Is called SysJoker, and it is a malware recently discovered by the cybersecurity company Intezer very dangerous because affects both Windows, macOS and Linux. Among other things, the malware was identified in the course of an attack conducted on a Linux-based web server, and the online file scanning platform VirusTotal was unable to identify it for either Mac or Linux (for Windows instead Yes).
New #SysJoker backdoor targets Windows, Linux and macOS
Discovered during an active attack on a Linux-based web server
Linux and Mac versions are fully undetected in VirusTotal 🚷https: //t.co/eMXBAMZvI4 pic.twitter.com/Abj1DylU96
– Intezer (@IntezerLabs) January 11, 2022
SysJoker is to be precise a backdoor, therefore a potential spying tool available to the hacker who controls it, which however does not in itself contain attacks with an immediate tangible impact such as ransomware. Of course, once there is a breach in a system, it is much easier for all the rest of the defenses to collapse, so to speak. In any case, even the theft of potentially highly sensitive personal data (bank credentials or credit card numbers, for example) is an equally serious threat – and far more subtle precisely because it is difficult to see.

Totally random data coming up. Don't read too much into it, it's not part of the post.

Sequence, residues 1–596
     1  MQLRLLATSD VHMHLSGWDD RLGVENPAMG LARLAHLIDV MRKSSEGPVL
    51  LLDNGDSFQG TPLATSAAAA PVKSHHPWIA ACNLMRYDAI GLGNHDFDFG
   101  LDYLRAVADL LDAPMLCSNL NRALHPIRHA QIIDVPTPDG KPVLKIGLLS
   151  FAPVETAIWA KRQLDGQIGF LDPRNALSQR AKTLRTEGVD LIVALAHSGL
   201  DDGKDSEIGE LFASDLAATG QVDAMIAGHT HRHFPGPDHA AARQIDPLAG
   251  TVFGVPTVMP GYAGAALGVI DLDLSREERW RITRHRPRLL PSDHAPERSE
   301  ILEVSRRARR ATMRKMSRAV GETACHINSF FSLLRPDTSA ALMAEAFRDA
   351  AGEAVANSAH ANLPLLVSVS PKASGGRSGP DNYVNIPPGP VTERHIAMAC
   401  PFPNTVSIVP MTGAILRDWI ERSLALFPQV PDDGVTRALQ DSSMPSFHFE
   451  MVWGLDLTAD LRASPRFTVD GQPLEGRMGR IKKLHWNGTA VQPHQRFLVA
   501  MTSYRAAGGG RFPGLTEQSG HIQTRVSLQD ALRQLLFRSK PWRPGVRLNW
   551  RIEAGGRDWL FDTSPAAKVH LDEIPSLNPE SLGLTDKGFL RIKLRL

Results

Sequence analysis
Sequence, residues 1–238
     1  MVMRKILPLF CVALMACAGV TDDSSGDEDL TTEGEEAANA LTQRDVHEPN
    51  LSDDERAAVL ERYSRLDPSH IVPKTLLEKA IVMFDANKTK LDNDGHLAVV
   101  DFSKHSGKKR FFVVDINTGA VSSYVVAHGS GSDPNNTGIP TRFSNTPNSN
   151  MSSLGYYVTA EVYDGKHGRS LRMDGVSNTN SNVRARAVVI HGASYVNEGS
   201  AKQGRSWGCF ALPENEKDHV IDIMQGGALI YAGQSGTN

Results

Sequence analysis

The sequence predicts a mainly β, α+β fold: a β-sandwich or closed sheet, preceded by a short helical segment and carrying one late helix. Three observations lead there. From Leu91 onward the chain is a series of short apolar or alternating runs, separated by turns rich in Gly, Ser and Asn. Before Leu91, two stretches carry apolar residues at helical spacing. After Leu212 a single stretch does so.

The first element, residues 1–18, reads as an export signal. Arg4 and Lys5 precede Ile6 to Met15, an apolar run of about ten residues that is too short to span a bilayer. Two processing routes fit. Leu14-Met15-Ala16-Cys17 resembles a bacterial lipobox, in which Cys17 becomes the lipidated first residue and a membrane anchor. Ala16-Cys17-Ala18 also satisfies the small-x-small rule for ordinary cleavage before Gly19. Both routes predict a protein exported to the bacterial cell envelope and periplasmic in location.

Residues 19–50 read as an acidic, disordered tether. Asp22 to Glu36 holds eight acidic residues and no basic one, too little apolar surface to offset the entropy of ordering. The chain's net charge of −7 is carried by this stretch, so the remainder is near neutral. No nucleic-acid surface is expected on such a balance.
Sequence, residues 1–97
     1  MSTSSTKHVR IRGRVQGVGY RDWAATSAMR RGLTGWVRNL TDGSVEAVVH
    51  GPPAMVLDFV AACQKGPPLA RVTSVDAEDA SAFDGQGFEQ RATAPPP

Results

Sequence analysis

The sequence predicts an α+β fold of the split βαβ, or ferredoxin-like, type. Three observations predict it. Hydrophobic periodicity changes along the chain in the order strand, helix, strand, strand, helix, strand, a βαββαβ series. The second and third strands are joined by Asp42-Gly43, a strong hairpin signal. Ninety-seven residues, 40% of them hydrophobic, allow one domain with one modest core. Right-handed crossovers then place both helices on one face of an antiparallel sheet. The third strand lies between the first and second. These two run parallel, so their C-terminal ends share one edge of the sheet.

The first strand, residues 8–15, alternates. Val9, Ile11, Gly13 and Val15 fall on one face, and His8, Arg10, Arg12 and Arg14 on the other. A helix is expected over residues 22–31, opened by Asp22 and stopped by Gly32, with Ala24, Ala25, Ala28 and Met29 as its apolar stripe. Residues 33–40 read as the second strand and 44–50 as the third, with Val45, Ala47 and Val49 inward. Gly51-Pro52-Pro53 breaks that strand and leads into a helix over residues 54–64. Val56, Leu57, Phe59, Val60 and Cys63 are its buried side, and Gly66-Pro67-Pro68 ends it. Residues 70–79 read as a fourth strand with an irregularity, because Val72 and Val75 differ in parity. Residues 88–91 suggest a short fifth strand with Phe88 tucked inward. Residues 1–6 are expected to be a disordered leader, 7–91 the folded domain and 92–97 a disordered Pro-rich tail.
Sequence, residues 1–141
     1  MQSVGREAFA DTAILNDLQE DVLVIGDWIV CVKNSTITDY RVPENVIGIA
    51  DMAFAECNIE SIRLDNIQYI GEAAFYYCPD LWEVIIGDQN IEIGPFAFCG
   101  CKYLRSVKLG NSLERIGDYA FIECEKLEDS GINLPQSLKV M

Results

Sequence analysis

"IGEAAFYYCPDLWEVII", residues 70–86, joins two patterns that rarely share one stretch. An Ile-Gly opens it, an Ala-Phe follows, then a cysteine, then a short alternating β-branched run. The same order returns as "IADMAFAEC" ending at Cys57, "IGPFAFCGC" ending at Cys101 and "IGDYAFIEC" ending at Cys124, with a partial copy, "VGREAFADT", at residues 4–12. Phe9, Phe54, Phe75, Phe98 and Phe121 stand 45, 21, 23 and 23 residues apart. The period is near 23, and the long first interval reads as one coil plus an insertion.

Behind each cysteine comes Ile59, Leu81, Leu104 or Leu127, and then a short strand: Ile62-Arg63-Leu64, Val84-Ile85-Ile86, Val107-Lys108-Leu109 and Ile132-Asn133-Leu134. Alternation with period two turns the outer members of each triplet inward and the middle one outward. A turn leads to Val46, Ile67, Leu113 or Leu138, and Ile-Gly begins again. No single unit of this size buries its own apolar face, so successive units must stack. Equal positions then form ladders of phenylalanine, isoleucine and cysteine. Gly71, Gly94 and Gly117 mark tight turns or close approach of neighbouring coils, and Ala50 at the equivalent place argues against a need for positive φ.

The good news is that SysJoker is not an attack that can be launched remotely and that leaves no defense to the user. In fact, it disguises itself as a software update, therefore must be actively downloaded and installed. The malware is written in C ++ and includes multiple variants that activate based on the target operating system.
The virus was first identified in December, and for the moment it is difficult to determine precisely which antivirus can detect it – outside of those produced by Intezer itself, of course. The company offers on its official blog a series of generic checks that can be performed to make sure they are clean, but, in fact, they are generic and require a certain level of competence. Let’s put it this way: if you haven’t recently downloaded a software update from some weird site you can be reasonably sure you’re okay.
In any case, Intezer notes that whoever wrote it probably knows his stuff: to begin with it is written completely from scratch, not reusing code from other malware as it often happens; and for three different operating systems. It also exploits vulnerabilities that were not previously known, which is particularly rare when looking at Linux. Finally, at least 4 different domains were registered for the C&C server, and the attack was very cautious and reasoned: during the Intezer analyzes no commands sent by the server or a real attack phase after infiltration were recorded .